The legal cannabis industry is budding before our eyes, and investors have clearly taken notice.
Though estimates vary wildly, a handful of Wall Street investment banks are counting on the global weed industry to crank out sales of $50 billion to $75 billion a year by the end of the next decade. With so much revenue to go around, there are bound to be some very big long-term winners in this space. The question, of course, is what stocks those winners will be…
These four brand-name marijuana stocks are getting all the attention
According to current market caps, investors seems to believe that Canopy Growth (NYSE:CGC), Aurora Cannabis (NYSE:ACB), Tilray (NASDAQ:TLRY), and Cronos Group(NASDAQ:CRON) represent the best way to play the cannabis industry. Among growers, Aurora and Canopy slot in as Nos. 1 and 2, respectively, in terms of annual peak production, while Tilray and Cronos are liable to be well inside the top 10 in terms of annual aggregate production.
These are also companies that have done a good job of landing brand-name partners or pushing into overseas markets. Canopy Growth closed a $4 billion equity investment from Constellation Brands last November, Cronos Group closed a $1.8 billion equity investment from Altria earlier this month, and Tilray secured partnerships with Novartis‘ generic-drug subsidiary Sandoz and Anheuser-Busch InBev (NYSE:BUD) in December. Even though Aurora hasn’t yet landed a major partner, its presence in 24 total countries is unmatched by its peers.
With each of these brand-name pot stocks presumably offering their own blend of long-term advantages, choosing which one has the best outlook may not be easy. But, according to Wall Street, the choice is pretty simple. Since analyst coverage, including price targets, is now available for all of the major pot stocks, there’s one company that the Street believes stands out as the most attractive right now.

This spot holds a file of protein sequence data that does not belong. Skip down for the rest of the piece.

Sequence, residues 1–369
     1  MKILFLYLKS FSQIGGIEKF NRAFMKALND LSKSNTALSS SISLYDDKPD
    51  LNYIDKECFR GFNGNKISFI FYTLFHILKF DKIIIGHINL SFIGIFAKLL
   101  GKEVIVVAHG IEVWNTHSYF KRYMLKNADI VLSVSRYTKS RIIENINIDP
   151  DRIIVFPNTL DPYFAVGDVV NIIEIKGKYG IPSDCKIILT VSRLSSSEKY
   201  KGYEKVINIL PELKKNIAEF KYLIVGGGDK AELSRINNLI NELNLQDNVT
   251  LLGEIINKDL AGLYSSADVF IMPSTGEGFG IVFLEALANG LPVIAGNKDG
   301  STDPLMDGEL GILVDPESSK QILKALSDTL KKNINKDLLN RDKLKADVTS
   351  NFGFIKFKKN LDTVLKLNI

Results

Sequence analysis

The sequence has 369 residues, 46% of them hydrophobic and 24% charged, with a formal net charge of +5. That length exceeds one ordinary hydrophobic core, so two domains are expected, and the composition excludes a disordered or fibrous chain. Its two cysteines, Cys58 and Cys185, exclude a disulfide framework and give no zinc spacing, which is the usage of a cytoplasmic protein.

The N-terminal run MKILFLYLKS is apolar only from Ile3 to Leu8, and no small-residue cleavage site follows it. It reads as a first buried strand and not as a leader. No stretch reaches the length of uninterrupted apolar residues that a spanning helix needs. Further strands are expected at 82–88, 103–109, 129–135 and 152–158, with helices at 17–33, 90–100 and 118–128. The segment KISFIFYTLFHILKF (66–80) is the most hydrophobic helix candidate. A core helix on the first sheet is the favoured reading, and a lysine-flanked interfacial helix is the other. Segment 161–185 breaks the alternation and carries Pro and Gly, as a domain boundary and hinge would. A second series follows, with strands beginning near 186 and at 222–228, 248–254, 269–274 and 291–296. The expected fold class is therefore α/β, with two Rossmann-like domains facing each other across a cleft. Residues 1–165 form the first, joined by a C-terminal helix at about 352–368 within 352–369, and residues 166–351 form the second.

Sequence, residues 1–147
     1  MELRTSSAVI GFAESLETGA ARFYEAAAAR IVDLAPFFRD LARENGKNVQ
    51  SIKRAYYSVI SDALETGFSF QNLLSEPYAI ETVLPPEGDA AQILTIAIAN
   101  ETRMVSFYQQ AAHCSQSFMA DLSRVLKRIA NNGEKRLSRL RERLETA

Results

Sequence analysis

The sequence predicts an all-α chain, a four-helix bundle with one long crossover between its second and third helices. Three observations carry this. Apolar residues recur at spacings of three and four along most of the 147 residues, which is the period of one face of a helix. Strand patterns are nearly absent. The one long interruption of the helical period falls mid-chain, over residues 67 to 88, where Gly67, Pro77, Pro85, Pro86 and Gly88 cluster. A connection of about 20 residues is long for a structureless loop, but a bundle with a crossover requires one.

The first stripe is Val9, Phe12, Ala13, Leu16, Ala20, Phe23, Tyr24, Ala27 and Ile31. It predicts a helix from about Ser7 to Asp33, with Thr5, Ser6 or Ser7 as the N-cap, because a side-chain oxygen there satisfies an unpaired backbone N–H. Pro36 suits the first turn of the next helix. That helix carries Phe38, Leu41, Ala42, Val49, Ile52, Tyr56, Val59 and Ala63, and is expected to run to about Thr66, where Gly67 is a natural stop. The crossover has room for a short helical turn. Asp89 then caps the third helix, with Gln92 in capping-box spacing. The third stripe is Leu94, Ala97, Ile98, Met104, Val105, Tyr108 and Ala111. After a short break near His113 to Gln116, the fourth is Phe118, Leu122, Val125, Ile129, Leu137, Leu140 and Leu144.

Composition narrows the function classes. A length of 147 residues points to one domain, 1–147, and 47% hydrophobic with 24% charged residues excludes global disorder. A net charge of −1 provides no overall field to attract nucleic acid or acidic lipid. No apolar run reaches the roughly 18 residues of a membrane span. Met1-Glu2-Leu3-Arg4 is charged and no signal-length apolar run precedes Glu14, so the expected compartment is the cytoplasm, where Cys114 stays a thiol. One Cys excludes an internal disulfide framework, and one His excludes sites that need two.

It’s definitely not this pot stock
Among brand-name marijuana stocks, Cronos Group is certainly not a Wall Street favorite, nor a company yours truly favors, either. Based on existing price targets, Cronos Group is projected by Wall Street to have 45% downside, which is probably why it’s one of the only marijuana stocks to have two underperform ratings.
On one hand, Cronos Group does now have a boatload of cash (more than $1.8 billion) to execute on its long-term business strategy, which presumably includes diversifying its product portfolio, pushing into international markets, making complementary acquisitions, and perhaps increasing its production capacity.
But this is also a company that, with maybe 120,000 kilos of peak production, is now only eighth in projected annual output in Canada. Investors could instead opt to buy OrganiGram Holdings, which has virtually the same projected peak annual output (113,000 kilos), with more than double the industry average yield per square foot, for a quarter of Cronos’ market cap.
Cronos has also done poorly in pushing into overseas markets. With the exception of distribution sites in Poland and Germany and grow farms in Australia and Israel, Cronos’ international presence is minimal compared to its brand-name peers. Without extensive overseas sales channels, Cronos could be…
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